Showing posts with label Congress. Show all posts
Showing posts with label Congress. Show all posts

Friday 31 May 2024

Can We Manipulate EVMs to Change the Outcome of Elections?

The integrity of electronic voting machines (EVMs) has been a topic of intense debate and scrutiny. Madhav Deshpande, a respected EVM expert, has sparked significant concern by asserting that while EVMs cannot be hacked due to their lack of internet connectivity, they are vulnerable to manipulation. Deshpande, a former CEO of Tulip Software and a consultant to the Obama administration, provided both a diagnosis of the problem and practical solutions in a detailed interview with Karan Thapar.

Understanding the Vulnerabilities:
EVMs, which include the ballot unit, control unit, and the voter-verified paper audit trail (VVPAT) machine, were first introduced in India in the early 2000s. Deshpande explained that these machines are “under-designed” and rely on outdated technology that has not been updated to incorporate advancements made since their inception. This has resulted in systemic weaknesses that could potentially allow for tampering.

Key Points of Manipulation:
1. VVPAT Configuration:
The VVPAT machine, which provides a paper trail of votes cast, is placed between the ballot unit and the control unit. This configuration can be exploited to alter the recorded vote. If the connection between these units is interfered with, it could lead to discrepancies between the votes cast and the votes recorded.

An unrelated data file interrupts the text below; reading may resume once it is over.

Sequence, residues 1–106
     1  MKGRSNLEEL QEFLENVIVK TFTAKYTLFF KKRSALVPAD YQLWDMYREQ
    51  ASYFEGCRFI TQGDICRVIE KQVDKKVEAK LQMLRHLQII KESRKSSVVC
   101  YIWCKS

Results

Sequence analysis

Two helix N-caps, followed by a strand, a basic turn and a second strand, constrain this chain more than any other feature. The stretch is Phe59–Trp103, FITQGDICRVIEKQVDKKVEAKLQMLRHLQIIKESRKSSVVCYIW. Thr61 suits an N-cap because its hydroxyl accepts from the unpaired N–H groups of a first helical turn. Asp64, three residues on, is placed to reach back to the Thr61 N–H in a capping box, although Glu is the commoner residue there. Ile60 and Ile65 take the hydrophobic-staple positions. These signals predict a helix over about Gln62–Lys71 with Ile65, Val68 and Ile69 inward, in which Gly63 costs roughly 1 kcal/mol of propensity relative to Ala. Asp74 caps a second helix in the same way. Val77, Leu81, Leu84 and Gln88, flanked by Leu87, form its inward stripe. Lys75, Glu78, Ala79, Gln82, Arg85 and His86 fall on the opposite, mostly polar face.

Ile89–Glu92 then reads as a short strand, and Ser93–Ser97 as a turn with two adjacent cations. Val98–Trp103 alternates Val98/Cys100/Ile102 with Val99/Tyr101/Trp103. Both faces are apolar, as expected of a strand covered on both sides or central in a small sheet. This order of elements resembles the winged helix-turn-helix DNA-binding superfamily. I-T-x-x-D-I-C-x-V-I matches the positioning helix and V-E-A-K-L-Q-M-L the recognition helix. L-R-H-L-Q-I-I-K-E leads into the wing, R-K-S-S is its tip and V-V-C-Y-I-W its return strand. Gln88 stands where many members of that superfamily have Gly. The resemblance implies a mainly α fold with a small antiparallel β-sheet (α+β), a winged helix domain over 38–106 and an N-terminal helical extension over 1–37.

2. Control Unit Vulnerabilities:
The control unit, which tallies the votes, can theoretically be replaced or pre-loaded with votes. Since any control unit can work with any ballot unit, this opens the door to substitution of the control unit either before or after voting to manipulate the results.

Proposed Solutions:
Deshpande suggested simple and cost-effective remedies to safeguard against these vulnerabilities:
Effective Pairing: Ensuring that each ballot unit and control unit are paired with a unique serial cable to prevent substitution.
Geolocation Tracking: Attaching a GPS device to the EVMs (without integrating it electronically) to track their movements and ensure they do not go astray.

Case Studies and Allegations:
1. Kerala Mock Poll Incident:
During a mock poll in Kasargod, allegations were made that EVMs registered extra votes in favour of the BJP. Kerala Chief Electoral Officer Sanjay Kaul attributed this to a ‘procedural mistake’. However, the Supreme Court directed the Election Commission to investigate these claims, which the Commission dismissed.
2. Supreme Court Involvement:
The Association for Democratic Reforms (ADR) filed a petition before the Supreme Court in 2023, advocating for cross-verification of EVM votes with VVPAT slips to ensure election integrity. Despite evidence of discrepancies in the 2019 elections, the Supreme Court took five years to address the issue, raising concerns about the oversight and accountability of the Election Commission.